Protein structure is more conserved than sequence in nature. In this direction we developed a novel methodology that significantly improves conventional homology modelling when sequence identity is low, by taking into consideration 3D structural features of the template, such as size and shape. Herein, our new homology modelling approach was applied to the homology modelling of the RNA-dependent RNA polymerase (RdRp) of dengue (type II) virus. The RdRp of dengue was chosen due to the low sequence similarity shared between the dengue virus polymerase and the available templates, while purposely avoiding to use the actual X-ray structure that is available for the dengue RdRp.
he term 'molecular cartography' encompasses a family of computational methods for two-dimensional transformation of protein structures and analysis of their physicochemical properties. The underlying algorithms comprise multiple manual steps, whereas the few existing implementations typically restrict the user to a very limited set of molecular descriptors. Structuprint is an efficient application, implementing a molecular cartography algorithm for protein surfaces.
An extensive effort is made by The Gene Ontology Consortium in order to gather all the protein – function pairs in a standard format and produce a well structured vocabulary that would present all the known biological functions in a hierarchical, controlled structure. Taggo takes advantage of the Gene Ontology (GO) to extract the proteins’ main attributes. It combines the potential of discarding annotations that are supported by not so reliable Ecs, it is an extremely fast process, it offers the convenience of searching the ten most general categories of each term.
Liquid Chromatography-Mass Spectrometry (LC-MS) is a commonly used method to detect protein-protein interactions and elucidate complex protein mixtures. Visualization of large data sets produced from LC-MS, specifically the chromatograph and the mass spectra that correspond to its peaks is the focus of this work. The Brukin2d software, developed with Matlab 7.4, uses the compound data that are exported from Bruker 'DataAnalysis' program, and depicts the mean mass spectra of all the chromatograph compounds from one LC-MS run, in one 2D contour plot. Each spot in the plot represents one peptide mass.
GIBA is an effective and easy to use tool for the detection of protein complexes through clustering on protein - protein interaction networks. It was proved with extensive experiments that GIBA produces more quality approximations of protein complexes than other methods.
The algorithm is a hierarchical one and performs successive min –cuts until it identifies dense subgraphs. The stopping criterion of the AHC depends on the initial graph density and it is adjusted to each case accordingly. That means that when the input data forms a dense protein interaction network, the stopping criterion of the AHC is stricter and leads to the selection of more dense subgraphs as protein complexes candidates.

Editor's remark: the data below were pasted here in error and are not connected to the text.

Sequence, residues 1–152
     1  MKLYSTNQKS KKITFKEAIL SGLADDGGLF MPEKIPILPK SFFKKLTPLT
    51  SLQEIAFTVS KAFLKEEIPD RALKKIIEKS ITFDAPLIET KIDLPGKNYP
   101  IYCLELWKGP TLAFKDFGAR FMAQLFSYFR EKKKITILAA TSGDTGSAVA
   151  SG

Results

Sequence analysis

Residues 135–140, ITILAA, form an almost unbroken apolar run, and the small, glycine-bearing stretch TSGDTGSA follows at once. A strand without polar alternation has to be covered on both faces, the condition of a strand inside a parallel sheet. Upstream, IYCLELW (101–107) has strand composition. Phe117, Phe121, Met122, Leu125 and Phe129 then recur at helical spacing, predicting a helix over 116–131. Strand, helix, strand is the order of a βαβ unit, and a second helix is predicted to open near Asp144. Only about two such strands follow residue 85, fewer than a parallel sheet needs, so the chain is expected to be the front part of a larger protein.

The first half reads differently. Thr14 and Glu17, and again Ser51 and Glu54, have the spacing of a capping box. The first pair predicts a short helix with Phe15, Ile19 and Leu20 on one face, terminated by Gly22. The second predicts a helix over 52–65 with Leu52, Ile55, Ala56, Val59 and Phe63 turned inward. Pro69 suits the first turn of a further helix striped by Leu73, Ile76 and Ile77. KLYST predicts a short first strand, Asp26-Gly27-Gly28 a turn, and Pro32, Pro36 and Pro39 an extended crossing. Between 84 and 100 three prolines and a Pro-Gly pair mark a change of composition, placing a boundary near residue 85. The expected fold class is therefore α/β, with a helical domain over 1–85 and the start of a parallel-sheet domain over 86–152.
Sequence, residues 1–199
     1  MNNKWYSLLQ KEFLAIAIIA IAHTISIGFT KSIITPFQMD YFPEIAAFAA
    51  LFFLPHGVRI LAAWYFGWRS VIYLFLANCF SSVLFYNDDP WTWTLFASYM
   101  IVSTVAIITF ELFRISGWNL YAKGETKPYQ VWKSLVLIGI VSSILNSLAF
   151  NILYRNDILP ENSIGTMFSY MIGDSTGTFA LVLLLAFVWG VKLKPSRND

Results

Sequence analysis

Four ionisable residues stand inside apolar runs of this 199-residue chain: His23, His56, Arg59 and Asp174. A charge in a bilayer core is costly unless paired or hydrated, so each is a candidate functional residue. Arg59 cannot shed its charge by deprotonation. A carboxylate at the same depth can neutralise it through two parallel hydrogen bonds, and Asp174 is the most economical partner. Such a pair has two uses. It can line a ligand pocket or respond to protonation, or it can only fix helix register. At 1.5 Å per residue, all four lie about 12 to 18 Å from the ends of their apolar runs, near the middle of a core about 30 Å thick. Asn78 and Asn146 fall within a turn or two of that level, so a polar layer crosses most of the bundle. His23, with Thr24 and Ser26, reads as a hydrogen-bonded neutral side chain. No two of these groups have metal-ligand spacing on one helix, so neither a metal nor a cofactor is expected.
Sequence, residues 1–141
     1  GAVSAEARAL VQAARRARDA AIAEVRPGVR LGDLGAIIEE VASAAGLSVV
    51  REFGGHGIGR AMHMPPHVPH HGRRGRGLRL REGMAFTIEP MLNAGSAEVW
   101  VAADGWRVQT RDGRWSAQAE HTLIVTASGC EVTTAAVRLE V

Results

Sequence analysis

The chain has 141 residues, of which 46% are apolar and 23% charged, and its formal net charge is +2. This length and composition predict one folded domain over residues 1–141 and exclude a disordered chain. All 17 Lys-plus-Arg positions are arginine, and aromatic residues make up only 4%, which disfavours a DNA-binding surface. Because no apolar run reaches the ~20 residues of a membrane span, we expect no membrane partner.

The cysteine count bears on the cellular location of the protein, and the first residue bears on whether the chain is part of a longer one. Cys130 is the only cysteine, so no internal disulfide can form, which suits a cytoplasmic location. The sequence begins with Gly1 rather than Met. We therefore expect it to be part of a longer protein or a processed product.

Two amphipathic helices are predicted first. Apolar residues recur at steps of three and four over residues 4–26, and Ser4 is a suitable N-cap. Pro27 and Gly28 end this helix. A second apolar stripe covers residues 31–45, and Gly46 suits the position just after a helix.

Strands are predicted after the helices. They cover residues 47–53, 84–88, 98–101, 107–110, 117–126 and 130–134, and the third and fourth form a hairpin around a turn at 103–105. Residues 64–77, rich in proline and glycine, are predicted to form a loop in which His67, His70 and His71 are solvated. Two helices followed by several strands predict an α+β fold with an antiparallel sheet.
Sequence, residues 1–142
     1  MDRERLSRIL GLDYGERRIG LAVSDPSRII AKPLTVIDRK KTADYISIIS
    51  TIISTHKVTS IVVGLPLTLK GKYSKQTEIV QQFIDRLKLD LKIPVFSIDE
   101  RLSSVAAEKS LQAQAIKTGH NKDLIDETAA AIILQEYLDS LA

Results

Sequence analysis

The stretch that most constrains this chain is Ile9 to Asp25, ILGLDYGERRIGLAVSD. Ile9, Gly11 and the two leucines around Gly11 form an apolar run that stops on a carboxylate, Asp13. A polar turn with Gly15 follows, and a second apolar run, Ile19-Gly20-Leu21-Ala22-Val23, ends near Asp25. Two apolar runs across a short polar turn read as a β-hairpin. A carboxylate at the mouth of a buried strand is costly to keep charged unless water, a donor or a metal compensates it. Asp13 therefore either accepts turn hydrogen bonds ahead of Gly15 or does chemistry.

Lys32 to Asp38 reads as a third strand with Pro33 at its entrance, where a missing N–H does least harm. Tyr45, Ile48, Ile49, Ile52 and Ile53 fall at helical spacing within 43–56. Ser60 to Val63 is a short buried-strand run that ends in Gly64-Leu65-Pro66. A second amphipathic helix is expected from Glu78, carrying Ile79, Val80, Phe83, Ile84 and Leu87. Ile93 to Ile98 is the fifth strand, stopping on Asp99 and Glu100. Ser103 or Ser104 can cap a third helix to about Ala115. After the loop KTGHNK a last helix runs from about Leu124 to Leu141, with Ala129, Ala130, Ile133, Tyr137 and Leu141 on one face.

GAppi performs clustering in protein-protein interaction networks to identify protein complexes. The algorithm has been tested exhaustively with experimental datasets coming from online protein interaction databases and individual experiments and has been compared with five other effective techniques in order to demonstrate its efficiency and superior performance. Results showed that GAppi produces feasible and very efficient solutions compared to other techniques.
GOmir (by using up to four different databases) introduces, for the first time, miRNA predicted targets accompanied by (a) full gene description, (b) functional analysis and (c) detailed gene ontology clustering. Additionally, a reverse search initiated by a potential target can also be conducted. GOmir module, JTarget, integrates microRNA target prediction and functional analysis by combining the predicted target genes from TargetScan, miRanda, RNAhybrid and PicTar computational tools and also providing a full gene description and functional analysis for each target gene.
FED & SAFE Suites
The tools that perform this analysis are: 1. Fusion Events Database (FED), a database for the maintenance and retrieval of fusion data both in prokaryotic and eukaryotic organisms and 2. Software for the Analysis of Fusion Events (SAFE), a computational platform implemented for the automated detection, filtering and visualization of fusion events. Fusion analysis has been used to identify putative protein-protein interactions in completely sequenced genomes of various prokaryotes, and eukaryotes.
A suite of computer programs has been developed under the general name Thetis, for monitoring structural changes during molecular dynamics (MD) simulations on proteins. Conformational analysis includes estimation of structural similarities during the simulation and analysis of the secondary structure with emphasis on helices. In contrast to available freeware dealing with MD snapshots, Thetis can be used on a series of consecutive MD structures thus allowing a detailed conformational analysis over the time course of the simulation.